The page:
As the big half century looms for me, I am in danger of becoming a grumpy old man. Not exactly a reincarnation of Victor Meldrew but more one of Wogan's I've lost count of how many times a day I find myself thinking: "Am I one of Terry's Old Geezers?"

My latest bugbear is subsidised training initiatives and the culture that's grown around companies and people who seem to think that training and development is only worth doing if it's got some form of grant aid attached to it.

I can sort of get my head around the fact that when it comes to legislative stuff if you're being made to do something because the law's changed then it's a fair deal. But when it comes down to training and development designed to make your employees more effective and your business more profitable, isn't that just good sense? Why should anyone expect a grant or subsidy for that?

In 2003, as a response to demands from some of our clients, we set up a training business. It's a relatively small operation, quite niche, focused and remains demand-led. If you get involved in the world of training at some point it's inevitable that you're going to come across a wide range of government-funded training initiatives. That's especially been true in the past few years where there seemed to be an indiscriminate amount of money available for all sorts of things and the first response that you got from any sales call wasn't something like "where's the value in this for me?" but more often "is there any funding for it?" If the answer was no, then for many people that was the end of the conversation.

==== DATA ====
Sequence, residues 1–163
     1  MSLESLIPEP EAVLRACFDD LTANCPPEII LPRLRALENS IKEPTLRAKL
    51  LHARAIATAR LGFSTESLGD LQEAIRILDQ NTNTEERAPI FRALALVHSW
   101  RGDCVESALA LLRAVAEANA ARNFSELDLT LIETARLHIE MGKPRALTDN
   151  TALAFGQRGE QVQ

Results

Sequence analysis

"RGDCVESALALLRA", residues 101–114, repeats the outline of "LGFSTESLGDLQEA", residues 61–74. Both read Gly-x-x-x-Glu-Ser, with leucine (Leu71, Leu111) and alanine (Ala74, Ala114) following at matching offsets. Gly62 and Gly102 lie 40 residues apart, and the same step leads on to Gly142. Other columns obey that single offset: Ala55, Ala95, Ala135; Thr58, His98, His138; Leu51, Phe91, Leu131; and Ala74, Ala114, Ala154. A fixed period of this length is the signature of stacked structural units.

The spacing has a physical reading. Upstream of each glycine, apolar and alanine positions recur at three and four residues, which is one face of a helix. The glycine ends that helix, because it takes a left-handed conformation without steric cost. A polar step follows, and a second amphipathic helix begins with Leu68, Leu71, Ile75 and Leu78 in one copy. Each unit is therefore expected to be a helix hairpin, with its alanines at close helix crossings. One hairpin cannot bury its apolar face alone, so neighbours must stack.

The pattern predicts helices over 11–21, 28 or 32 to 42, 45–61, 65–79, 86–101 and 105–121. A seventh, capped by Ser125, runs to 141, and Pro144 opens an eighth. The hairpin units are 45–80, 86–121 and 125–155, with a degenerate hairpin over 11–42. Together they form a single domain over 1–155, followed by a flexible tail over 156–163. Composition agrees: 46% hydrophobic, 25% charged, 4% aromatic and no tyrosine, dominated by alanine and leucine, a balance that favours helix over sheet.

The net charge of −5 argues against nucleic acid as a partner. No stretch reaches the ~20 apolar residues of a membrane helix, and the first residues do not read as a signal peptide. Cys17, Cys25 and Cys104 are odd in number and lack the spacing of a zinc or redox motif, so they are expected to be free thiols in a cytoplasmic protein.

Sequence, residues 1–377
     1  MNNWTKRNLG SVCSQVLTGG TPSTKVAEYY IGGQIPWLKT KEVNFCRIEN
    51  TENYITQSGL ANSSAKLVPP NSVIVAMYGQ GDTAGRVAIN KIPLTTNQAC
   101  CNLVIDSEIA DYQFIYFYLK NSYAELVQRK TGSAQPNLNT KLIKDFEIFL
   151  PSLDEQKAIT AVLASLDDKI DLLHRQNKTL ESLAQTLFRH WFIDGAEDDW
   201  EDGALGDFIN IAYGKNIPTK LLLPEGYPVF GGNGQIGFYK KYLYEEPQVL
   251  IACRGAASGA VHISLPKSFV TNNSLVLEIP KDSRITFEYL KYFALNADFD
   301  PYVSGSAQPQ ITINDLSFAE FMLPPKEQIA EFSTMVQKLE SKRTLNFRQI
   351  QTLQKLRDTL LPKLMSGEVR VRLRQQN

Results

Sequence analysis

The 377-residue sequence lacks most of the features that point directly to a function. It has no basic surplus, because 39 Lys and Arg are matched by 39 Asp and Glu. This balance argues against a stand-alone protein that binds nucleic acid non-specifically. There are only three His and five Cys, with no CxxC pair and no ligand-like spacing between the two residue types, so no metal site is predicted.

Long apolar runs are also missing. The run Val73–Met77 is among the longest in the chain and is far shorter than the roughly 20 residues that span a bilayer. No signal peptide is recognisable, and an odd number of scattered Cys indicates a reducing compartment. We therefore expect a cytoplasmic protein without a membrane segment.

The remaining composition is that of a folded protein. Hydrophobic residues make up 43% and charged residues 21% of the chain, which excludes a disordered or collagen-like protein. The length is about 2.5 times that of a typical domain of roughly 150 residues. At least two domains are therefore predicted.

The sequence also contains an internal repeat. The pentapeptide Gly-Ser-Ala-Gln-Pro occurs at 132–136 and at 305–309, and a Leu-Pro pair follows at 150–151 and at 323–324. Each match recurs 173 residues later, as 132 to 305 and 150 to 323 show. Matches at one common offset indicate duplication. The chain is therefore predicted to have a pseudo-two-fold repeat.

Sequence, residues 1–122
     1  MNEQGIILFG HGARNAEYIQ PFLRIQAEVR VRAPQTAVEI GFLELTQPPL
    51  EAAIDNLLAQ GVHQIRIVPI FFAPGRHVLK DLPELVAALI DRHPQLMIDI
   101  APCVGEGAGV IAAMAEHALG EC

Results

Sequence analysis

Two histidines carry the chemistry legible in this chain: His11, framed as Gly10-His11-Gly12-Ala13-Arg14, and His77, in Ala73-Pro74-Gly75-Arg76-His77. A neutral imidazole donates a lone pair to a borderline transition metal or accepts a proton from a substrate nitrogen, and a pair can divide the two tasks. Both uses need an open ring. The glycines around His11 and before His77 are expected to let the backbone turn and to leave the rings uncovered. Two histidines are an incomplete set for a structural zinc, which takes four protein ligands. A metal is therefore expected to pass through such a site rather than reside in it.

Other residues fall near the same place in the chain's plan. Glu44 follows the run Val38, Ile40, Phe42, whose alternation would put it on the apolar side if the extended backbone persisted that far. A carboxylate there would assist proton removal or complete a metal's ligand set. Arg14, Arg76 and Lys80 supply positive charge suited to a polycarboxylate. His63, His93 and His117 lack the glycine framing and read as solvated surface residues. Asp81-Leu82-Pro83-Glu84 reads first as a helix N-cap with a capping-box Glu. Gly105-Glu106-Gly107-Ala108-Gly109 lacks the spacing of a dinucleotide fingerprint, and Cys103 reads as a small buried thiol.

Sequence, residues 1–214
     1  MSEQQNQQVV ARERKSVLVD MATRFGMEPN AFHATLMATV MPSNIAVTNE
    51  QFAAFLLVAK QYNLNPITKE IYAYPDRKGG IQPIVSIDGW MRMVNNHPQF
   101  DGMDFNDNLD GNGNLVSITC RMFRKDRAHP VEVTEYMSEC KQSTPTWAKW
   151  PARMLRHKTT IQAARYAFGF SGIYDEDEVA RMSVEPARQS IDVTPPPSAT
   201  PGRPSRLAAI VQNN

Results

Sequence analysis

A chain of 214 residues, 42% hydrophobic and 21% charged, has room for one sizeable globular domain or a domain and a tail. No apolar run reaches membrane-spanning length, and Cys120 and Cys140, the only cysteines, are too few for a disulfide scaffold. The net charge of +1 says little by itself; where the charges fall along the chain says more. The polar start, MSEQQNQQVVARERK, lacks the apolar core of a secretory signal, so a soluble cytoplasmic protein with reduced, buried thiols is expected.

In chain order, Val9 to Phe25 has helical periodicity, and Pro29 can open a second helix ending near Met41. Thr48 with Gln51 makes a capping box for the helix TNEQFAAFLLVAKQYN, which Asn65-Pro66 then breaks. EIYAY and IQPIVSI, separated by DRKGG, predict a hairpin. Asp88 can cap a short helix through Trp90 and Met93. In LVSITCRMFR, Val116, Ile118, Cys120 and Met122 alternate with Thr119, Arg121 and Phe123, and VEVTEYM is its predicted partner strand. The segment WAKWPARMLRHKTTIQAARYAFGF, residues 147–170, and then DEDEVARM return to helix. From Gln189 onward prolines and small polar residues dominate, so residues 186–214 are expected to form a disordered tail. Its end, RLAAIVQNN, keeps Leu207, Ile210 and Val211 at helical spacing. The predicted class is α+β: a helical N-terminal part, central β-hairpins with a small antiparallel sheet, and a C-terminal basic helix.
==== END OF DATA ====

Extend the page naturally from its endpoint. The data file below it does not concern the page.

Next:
What that led to was that in many cases the funding tail was wagging the training dog. Training gets done just because the funding is available, not because it's of any benefit. Then, almost inevitably, because the full cost hasn't been paid, some people won't take it seriously, and if there's no discernible benefit to be seen, who's going to complain you got it cheap anyway!

At school I was taught that one of the definitions of economics was to do with the allocation of scarce resources. The previous incumbents at no 10 seemed to have skipped that lesson and funding for some training initiatives became anything but scarce. We are in a different world now and so what little is left in the pot is rightly going to areas where 'the market' might not go without a little encouragement and that's how it should be.

Management and leadership training is simply another investment that you should expect to generate a return on. It's a business decision that should be based on the needs of your business not the perceived need of the market as seen by government. That's how it's always been and that's the mindset we all need to get back to.

Guy Moreton is director of recruitment practitioner MorePeople